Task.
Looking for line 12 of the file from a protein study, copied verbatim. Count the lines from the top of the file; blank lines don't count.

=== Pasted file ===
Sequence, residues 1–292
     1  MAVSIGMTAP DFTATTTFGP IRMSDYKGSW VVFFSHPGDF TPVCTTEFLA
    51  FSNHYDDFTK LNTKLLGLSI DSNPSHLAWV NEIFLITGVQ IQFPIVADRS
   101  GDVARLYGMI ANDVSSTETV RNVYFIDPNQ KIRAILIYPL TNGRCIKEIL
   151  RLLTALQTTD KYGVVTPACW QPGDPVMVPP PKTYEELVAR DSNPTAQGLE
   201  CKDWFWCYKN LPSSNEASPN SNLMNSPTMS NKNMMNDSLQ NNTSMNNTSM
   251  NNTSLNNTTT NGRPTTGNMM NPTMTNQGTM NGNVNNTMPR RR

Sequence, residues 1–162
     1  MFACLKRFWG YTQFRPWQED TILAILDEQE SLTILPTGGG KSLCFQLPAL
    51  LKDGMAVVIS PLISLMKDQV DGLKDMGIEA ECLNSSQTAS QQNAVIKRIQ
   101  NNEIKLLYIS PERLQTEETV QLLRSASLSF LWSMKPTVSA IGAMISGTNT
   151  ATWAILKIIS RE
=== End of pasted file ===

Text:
   151  ATWAILKIIS RE